Nothing is impossible: Sunday Readings Advent 4 (Y-not question the Sunday Readings)
Fourth Sunday of Advent B
December 18, 2011
Reading I: 2 Samuel 7:1-5, 8b-12, 14a, 16
Responsorial Psalm: 89:2-3, 4-5, 27, 29
Reading II: Romans 16:25-27
Gospel: Luke 1:26-38
First Reading from 2 Samuel 7
When King David was settled in his palace,
and the Lord had given him rest from his enemies on every side,
he said to Nathan the prophet,
"Here I am living in a house of cedar,
while the ark of God dwells in a tent!"
Nathan answered the king,
"Go, do whatever you have in mind,
for the Lord is with you."
But that night the Lord spoke to Nathan and said:
"Go, tell my servant David, 'Thus says the Lord:
Should you build me a house to dwell in?'
"'It was I who took you from the pasture
and from the care of the flock
to be commander of my people Israel.
I have been with you wherever you went,
and I have destroyed all your enemies before you.
And I will make you famous like the great ones of the earth.
I will fix a place for my people Israel;
I will plant them so that they may dwell in their place
without further disturbance.
Neither shall the wicked continue to afflict them as they did of old,
since the time I first appointed judges over my people Israel.
I will give you rest from all your enemies.
The Lord also reveals to you
that he will establish a house for you.
And when your time comes and you rest with your ancestors,
I will raise up your heir after you, sprung from your loins,
and I will make his kingdom firm.
I will be a father to him,
and he shall be a son to me.
Your house and your kingdom shall endure forever before me;
your throne shall stand firm forever."
Gospel Reading from Luke Ch 1:
The angel Gabriel was sent from God
to a town of Galilee called Nazareth,
to a virgin betrothed to a man named Joseph,
of the house of David,
and the virgin's name was Mary.
And coming to her, he said,
"Hail, full of grace! The Lord is with you."
But she was greatly troubled at what was said
and pondered what sort of greeting this might be.
Then the angel said to her,
"Do not be afraid, Mary,
for you have found favor with God.
"Behold, you will conceive in your womb and bear a son,
and you shall name him Jesus.
He will be great and will be called Son of the Most High,
and the Lord God will give him the throne of David his father,
and he will rule over the house of Jacob forever,
and of his kingdom there will be no end."
But Mary said to the angel,
"How can this be,
since I have no relations with a man?"
And the angel said to her in reply,
"The Holy Spirit will come upon you,
and the power of the Most High will overshadow you.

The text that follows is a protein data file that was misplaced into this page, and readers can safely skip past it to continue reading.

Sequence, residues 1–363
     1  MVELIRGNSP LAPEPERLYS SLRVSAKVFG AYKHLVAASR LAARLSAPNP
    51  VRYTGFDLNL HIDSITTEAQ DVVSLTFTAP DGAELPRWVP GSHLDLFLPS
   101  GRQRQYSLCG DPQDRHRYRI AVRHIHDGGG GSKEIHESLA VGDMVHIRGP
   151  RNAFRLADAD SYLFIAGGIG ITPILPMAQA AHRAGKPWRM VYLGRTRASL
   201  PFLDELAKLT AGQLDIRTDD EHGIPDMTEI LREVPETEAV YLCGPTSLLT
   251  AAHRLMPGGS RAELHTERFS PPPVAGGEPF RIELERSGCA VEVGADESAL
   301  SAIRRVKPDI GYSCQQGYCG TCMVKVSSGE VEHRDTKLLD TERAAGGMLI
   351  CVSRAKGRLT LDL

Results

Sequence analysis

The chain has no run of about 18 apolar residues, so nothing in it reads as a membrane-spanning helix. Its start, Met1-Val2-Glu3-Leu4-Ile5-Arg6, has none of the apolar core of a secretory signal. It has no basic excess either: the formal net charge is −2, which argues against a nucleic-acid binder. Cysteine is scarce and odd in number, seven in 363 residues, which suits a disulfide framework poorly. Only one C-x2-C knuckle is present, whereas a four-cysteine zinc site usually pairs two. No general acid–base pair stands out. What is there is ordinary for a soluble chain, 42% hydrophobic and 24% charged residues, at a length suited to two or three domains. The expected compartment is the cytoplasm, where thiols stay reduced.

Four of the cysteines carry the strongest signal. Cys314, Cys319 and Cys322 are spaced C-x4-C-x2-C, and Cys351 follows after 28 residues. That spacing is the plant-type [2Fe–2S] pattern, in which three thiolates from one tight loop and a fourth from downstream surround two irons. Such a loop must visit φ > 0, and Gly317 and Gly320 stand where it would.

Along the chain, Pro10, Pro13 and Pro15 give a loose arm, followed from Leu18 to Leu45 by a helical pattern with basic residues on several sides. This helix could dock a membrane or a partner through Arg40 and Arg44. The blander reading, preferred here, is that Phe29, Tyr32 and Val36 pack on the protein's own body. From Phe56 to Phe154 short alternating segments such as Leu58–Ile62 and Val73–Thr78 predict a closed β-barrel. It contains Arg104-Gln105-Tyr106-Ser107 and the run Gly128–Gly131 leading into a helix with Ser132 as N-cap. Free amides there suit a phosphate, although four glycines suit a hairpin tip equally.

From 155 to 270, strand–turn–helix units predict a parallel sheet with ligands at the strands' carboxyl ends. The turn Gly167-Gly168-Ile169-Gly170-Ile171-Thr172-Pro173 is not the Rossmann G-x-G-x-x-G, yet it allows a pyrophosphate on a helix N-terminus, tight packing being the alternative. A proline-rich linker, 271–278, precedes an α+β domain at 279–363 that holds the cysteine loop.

Therefore the child to be born
will be called holy, the Son of God.
And behold, Elizabeth, your relative,
has also conceived a son in her old age,
and this is the sixth month for her who was called barren;
for nothing will be impossible for God."
Mary said, "Behold, I am the handmaid of the Lord.
May it be done to me according to your word."
Then the angel departed from her.
* * *
For the next three weeks in celebrating the mystery of Christmas I am going to immerse myself in its mythology. I will step outside the realms of dogma, biology, historical truth and the like, and live instead in a world of symbol and poetry, a fantastic world – a world of realities beyond the reach of formulated faith or experimental sciences.
In a way, I could illustrate what I am about by comparison with something almost its opposite. I could, if I were so inclined, spend the next three weeks engrossed in the cosmos through images from the Hubble telescope. The universe, it turns out, is not what it seems. The stars at night do not travel across the dome of sky above, weaving mystic patterns through astrological time. Through our great telescopes we can “see” new images of vast clouds swirling through space, of new stars exploding into life even as galaxies in their millions are sucked into black holes to be annihilated. After three weeks I could go back to work in the new year, a little more familiar with other dimensions, but comfortably at home again in my everyday 'reality'.
While I am living in this world of mythology I will not shut down my reasoning mind. Rather I will work it hard, following threads connecting primordial themes and everlasting values. We can only trace a few threads in the time it takes to read a page or two. To work!
Mark begins his proclamation of Jesus the Christ in a matter of fact way. John appears in the wilderness, and soon Jesus comes along with folk from Nazareth to be baptised. The story unfolds from there. So we ask, why did the compilers of the other gospels, especially Matthew and Luke, feel it was useful to create stories about the origins of Jesus?
We will stay with Luke's account, and look at it as pure mythology. The impact of this mythological introduction is to declare that the gospel of Jesus of Nazareth is nothing less than the proclamation of a New Creation, a New Covenant, a New Exodus and a New Presence of God with his people.